Oscar is the owner of a fearless cat called Marshmallow, and is single, gay, and entirely human — or so he thinks. That is until he has an encounter with what he learns is a vampire in a club and unleashes his fire magic. Oscar returns to his apartment exhausted, convincing himself that the fire was a dream, until the next day when a sexy stranger knocks on his door.
Mahon is half-fae, half-werewolf and he is investigating the mysterious magical signature left at the club, the scent of which leads him to Oscar’s door. Mahon is not expecting to be faced with a striking, flame-haired beauty or the fact that Oscar is a daoine-sidhe, or high fae, who has no clue about his heritage or magical identity. Mahon is forced to shift into his wolf to prove the existence of paranormal beings to Oscar, but shortly after, when they are attacked, Mahon must get Oscar to safety. Will Mahon be able to teach Oscar to harness his power before the untrustworthy, Lord Piron, finds Oscar and will Oscar and Mahon consummate the blood-spark that exists between them?
The Werewolf’s Fae Mate is a short read, but Liv Rider has successfully packed her story full of mystery, danger, romance, and paranormal action.
Oscar is a fun character. He is young and after a childhood spent in the foster care system, is desperate not to feel the “aloneness” that plagues him. Rider is able to combine Oscar’s vulnerability with the immense fae power he has unknowingly acquired from both of his biological parents. Oscar is faced with a variety of challenges throughout The Werewolf’s Fae Mate, but he never exhibits any fear, although he is understandably wary of the paranormal world he is now a part of. I think the fact that Oscar is such a natural and amicable character helps to make his journey all the more engaging.
To me, Mahon’s sex appeal jumps off the pages of Rider’s story! Perhaps that is why, in this case, I felt unable to complain about Rider’s use of the instalove trope. Not only that, but Mahon is patient when training Oscar and is protective, not only of Oscar, but his own twin brother too, loyal and mindful of his duty as a pack member. Mahon understands how it feels to be rejected after his experiences with his own parents and though he has only known Oscar for a short time, Mahon is willing to help Oscar discover all he can about his family.
The relationship between Oscar and Mahon is fast moving but, in my opinion, this is expected in a story that involves werewolves and mating. Though I liked the idea of Oscar and Mahon together, the constant issue of miscommunication between them became an annoyance with neither man able to be honest and admit their feelings: Oscar because he did not want to appear too eager and Mahon because he did not want to trap Oscar in a mate relationship. Despite this, Rider ensures the intensity between the men is apparent from their first meeting and the sex is sizzling hot!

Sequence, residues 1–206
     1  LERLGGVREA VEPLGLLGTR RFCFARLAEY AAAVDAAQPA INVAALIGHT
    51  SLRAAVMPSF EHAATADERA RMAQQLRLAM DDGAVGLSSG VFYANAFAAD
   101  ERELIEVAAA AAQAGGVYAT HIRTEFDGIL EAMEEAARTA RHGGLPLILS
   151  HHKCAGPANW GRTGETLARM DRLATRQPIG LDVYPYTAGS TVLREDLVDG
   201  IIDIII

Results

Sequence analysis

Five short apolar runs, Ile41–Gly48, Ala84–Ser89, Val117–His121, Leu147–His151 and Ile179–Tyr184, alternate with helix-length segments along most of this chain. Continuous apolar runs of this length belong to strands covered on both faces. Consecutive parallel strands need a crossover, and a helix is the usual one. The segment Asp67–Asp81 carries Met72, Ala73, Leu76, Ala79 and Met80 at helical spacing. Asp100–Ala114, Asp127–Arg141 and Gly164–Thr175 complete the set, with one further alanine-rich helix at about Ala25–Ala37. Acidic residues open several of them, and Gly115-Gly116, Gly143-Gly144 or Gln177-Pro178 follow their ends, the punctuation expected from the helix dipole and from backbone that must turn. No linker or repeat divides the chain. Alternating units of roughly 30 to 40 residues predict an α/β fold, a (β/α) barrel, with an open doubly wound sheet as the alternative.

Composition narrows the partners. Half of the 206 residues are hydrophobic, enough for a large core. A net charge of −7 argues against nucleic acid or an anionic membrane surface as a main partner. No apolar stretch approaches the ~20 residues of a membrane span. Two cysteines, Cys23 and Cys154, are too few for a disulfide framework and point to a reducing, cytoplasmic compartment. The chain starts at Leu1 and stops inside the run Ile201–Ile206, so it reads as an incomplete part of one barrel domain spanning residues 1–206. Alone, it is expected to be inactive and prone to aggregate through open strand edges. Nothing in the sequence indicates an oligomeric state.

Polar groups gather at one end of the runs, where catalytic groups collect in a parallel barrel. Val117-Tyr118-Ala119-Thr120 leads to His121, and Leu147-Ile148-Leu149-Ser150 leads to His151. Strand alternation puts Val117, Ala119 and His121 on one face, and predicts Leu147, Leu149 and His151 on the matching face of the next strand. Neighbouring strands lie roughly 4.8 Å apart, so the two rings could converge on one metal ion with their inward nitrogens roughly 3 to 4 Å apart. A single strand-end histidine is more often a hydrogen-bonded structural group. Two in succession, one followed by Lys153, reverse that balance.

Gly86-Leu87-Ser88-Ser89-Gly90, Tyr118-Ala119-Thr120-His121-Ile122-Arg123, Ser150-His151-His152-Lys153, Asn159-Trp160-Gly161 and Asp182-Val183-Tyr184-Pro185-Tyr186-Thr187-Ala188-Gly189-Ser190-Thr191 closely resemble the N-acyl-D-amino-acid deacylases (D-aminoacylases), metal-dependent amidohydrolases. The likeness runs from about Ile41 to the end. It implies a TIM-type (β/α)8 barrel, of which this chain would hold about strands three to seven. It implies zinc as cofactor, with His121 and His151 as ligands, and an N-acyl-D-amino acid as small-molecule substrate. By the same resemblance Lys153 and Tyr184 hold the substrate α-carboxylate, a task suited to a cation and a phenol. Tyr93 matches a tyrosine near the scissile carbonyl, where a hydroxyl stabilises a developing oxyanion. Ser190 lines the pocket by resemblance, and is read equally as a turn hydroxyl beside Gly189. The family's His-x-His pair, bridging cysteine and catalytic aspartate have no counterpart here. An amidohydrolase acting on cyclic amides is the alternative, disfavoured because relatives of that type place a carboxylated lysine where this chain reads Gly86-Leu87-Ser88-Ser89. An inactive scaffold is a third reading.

In terms of the paranormal content, The Werewolf’s Fae Mate is not entirely original, but Rider is still able to provide enough interest to excite our imagination. I particularly enjoyed a scene in which Mahon and Oscar are attacked and Rider introduces us to the blood-bats who breathe clouds of corrosive “curor.” The scene is short, but I think their creation shows what Rider could achieve if not limited to page space, as she is in The Werewolf’s Fae Mate.
Only 100 pages means that the pace moves quickly and Rider does deliver what, in some areas, feels like an incomplete story. The world building is not as elaborate as it could be, particularly when Oscar visits Lord Piron, and I did not get the magical or powerful atmosphere that I would have liked from the ruler of the fae court. There was also no explanation as to why Aiden was “stuck” as a wolf, though hopefully this is something that Rider will address as another book in the series.
The Werewolf’s Fae Mate is worth reading, especially for fans of paranormal mm romance, though it not deliver all that I was hoping for after reading Rider’s Angel’s Fall.